Arundel, West Sussex - save 50%
TalkTalk have created this exclusive biography of Renee Zellweger - we believe it to be the most comprehensive on the web
All of a sudden, Renee Zellweger is a star. And not just a star - she's spoken of in informed circles as the newest version of America's Sweetheart, like Mary Pickford decades before. The film that broke her was Cameron Crowe's Jerry Maguire, where her sweet rasp and expressive features saw her as a perfect romantic foil for Tom Cruise's panicked and morally tested sports agent. Her simple reply to his final, long and impassioned plea for forgiveness - "You had me at Hello" - won over a massive audience, lifting her to the status of genuine top-of-the-bill material. Since then, she has not looked back, in 2003 entering the Top 10 of the biggest box-office stars in the world.
Renee Kathleen Zellweger was born on April 25th, 1969, in Katy, a suburb of Houston, Texas. Her father Emil, is Swiss, his mother and father, Emil and Dorothy, first raising him in Au, in the canton of St Gallen, close to the Bodensee and the border with Austria. But, the family having remained in Switzerland to avoid WW2, he spent the latter part of his youth in Australia, at one point serving as a lifeguard on Sydney's Cronulla Beach. Renee's mother Kjelfrid, meanwhile, was born in the far north of Norway, when the country was under Nazi occupation. Renee has described them as "lazy Catholics and Episcopalians". How their near-40-year marriage began is a high romance in itself. Mum was a nurse in Norway, but always pined for warmer climes, eventually securing a job in Houston. Before departing she took a vacation with a girlfriend to neighbouring Denmark and, while onboard a boat en route to their holiday destination, she met Dad, also on a trip with his pals. He asked what she was doing next, she told him and he explained that he would be in Houston too (he'd by then become a US citizen), and would meet her there. She didn't really believe him but, as a nomadic engineer, constantly travelling to work on new refineries, he was there, and he did meet her.
Renee grew up in Katy, along with her older brother Andrew, known as Drew and now a marketing manager in the wine industry (Renee's own nickname is Zelly). She'd follow Drew everywhere, wanting to join in with everything, even baseball, and was something of a tomboy. She was very active, at Junior High joining in with the boys at soccer, basketball, baseball and even football. At age 8 she'd try tap and ballet lessons for a couple of weeks, but quickly packed it in and returned to the field sports she loved. At Katy High School she continued in this active vein, adding to her CV cheerleading (she still loves the Dallas Cowboys) and gymnastics - indeed, two of her early heroines were Nadia Comaneci and Olga Korbut. She enjoyed acting too, joining the Drama Club (again, she was copying her brother, though he soon quit).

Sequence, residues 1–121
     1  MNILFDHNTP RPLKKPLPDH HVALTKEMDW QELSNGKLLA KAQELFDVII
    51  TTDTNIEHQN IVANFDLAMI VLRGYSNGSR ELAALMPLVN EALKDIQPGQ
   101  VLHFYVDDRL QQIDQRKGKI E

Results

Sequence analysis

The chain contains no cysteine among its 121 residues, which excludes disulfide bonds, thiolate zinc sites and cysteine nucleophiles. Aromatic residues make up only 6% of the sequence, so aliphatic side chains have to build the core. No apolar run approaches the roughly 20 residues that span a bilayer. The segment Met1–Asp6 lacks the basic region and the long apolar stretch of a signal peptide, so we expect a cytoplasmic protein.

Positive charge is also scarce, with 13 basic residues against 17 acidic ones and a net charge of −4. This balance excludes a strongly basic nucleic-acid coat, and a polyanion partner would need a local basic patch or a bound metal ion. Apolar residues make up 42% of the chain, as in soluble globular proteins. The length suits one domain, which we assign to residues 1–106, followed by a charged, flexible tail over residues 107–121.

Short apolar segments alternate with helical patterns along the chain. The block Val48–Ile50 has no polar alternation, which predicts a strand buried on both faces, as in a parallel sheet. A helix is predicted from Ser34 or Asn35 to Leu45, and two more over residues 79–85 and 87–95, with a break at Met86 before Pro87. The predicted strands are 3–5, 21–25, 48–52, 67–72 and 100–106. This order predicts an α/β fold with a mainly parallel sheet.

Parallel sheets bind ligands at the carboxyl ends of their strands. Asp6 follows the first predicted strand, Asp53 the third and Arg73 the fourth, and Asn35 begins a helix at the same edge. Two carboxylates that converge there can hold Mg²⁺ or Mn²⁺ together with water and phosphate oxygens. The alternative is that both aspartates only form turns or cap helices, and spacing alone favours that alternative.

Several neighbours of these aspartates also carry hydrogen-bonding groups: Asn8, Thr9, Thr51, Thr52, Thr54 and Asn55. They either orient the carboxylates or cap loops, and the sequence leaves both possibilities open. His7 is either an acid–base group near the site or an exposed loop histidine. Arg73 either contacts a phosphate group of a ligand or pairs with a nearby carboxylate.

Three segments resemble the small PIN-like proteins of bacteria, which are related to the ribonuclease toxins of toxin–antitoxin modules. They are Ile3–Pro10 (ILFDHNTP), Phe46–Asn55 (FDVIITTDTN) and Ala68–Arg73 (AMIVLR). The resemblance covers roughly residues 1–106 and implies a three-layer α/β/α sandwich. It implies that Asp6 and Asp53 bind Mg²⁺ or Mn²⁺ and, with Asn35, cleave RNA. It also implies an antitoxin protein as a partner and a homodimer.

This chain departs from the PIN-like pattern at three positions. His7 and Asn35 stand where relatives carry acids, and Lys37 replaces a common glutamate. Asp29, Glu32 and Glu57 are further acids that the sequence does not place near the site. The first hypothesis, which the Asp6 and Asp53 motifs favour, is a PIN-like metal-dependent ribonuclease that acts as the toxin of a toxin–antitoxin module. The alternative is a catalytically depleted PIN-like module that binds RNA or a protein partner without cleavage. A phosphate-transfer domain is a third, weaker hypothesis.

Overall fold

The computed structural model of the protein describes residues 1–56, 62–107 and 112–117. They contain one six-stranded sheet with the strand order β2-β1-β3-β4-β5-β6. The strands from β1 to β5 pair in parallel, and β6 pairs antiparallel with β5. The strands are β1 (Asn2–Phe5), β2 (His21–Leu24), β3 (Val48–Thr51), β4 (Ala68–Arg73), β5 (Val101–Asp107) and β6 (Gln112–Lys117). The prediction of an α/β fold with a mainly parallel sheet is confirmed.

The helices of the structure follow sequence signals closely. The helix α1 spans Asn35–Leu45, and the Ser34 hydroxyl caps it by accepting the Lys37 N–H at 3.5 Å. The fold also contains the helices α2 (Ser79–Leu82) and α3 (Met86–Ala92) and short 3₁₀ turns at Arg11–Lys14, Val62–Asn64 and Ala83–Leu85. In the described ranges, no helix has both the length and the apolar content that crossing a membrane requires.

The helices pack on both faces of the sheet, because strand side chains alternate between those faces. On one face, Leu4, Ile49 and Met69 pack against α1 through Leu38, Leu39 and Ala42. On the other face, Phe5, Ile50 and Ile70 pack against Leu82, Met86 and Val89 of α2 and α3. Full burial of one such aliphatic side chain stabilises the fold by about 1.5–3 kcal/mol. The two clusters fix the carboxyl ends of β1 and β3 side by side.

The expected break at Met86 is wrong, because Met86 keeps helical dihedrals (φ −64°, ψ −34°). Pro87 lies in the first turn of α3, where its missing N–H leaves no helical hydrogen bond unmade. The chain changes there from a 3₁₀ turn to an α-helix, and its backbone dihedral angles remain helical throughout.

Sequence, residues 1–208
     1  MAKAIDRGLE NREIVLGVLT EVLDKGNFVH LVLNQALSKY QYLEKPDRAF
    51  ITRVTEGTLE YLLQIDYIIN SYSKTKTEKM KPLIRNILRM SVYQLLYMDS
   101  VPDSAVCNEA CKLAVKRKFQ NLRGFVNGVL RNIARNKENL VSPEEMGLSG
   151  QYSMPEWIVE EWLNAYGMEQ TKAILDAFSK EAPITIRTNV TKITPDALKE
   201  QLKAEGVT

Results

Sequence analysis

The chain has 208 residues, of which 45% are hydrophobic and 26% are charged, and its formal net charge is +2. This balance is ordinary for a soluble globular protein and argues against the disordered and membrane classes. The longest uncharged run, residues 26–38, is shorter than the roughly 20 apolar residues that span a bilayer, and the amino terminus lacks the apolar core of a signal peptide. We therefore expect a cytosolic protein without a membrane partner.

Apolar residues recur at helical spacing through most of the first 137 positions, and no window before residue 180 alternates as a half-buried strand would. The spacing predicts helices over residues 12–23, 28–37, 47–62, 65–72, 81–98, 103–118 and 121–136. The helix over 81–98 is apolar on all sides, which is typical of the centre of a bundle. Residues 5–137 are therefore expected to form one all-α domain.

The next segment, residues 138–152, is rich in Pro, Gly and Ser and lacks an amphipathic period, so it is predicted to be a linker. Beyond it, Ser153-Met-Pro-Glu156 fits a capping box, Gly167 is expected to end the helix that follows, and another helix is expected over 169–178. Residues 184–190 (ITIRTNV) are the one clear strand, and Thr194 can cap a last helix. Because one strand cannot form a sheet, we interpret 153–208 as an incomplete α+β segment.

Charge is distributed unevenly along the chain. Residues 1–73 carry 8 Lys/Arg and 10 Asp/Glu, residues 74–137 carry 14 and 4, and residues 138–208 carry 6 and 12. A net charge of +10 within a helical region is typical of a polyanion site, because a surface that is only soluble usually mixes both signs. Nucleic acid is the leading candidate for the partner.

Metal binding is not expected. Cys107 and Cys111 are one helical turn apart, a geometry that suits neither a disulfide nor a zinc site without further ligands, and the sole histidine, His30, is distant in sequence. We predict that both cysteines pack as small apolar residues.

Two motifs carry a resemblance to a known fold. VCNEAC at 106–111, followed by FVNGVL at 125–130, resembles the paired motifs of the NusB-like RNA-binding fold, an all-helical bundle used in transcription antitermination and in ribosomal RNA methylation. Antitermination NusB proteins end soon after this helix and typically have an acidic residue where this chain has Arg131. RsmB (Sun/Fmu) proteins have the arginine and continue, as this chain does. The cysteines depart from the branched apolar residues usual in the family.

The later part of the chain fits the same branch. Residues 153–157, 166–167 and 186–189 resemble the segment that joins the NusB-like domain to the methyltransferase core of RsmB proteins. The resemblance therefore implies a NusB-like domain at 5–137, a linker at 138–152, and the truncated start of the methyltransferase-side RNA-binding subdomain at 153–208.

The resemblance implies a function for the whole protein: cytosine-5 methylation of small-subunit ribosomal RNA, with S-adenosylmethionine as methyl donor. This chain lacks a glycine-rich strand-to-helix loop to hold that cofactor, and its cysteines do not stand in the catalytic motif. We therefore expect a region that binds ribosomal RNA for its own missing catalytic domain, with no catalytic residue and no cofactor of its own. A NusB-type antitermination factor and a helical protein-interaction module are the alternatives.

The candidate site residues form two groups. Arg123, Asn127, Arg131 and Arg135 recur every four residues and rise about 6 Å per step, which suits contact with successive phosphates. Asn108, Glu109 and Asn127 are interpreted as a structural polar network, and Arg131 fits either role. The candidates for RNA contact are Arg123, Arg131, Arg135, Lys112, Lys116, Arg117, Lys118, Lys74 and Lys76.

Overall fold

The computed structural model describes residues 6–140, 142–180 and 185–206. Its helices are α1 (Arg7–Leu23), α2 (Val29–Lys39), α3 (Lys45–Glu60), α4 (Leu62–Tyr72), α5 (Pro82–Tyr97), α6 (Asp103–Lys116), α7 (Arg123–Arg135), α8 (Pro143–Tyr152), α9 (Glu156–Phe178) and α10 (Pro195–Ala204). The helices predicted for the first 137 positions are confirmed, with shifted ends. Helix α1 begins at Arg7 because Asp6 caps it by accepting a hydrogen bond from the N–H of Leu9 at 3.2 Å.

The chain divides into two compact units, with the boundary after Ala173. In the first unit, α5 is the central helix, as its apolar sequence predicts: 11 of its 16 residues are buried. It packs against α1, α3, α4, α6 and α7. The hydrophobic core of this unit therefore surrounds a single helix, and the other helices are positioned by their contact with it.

Outside of school, Emil taught her many of life's more practical lessons - how to change the tyres, replace the oil and fix the brakes of a car being just a few. When she was 9, the family would together build a house from scratch, with Renee helping to wire it up, dig the septic system, build the foundations and tile the walls and floors. This self-reliance would help her immeasurably in her pre-success years of struggle. It would also lend her a certain Everygirl appeal, and make her all the more convincing in such efforts as Cold Mountain.
Graduating from High School in 1987, she enrolled at the University of Texas in Austin. With thoughts of becoming a journalist, she studied English but, having to take a drama class to fulfil a fine arts requirement, she rediscovered the stage. She supported herself by taking a series of waitressing jobs, at 18 working at Sugar's Go-Go bar in Austin, serving drinks in a tight skirt and tiny top while Sapphic pleasures were simulated onstage. She'd always been a looker, indeed she was consistently voted best-looking in her class at High School, but turned down an offer to dance topless at Sugar's. She had better things in mind - one old boyfriend claimed she was always waiting for Mr Right.
At college she was noted as a fine student, on several occasions making the Dean's List. Graduating in 1991 with a BA (majoring in RTF - radio, television and film), she considered moving directly to Hollywood but, being as Texas is traditionally a favoured filming location and the early Nineties were a particularly booming period, she decided to stay and seek experience in her home state. Her first pro job was in a beef commercial, but the film roles soon started coming.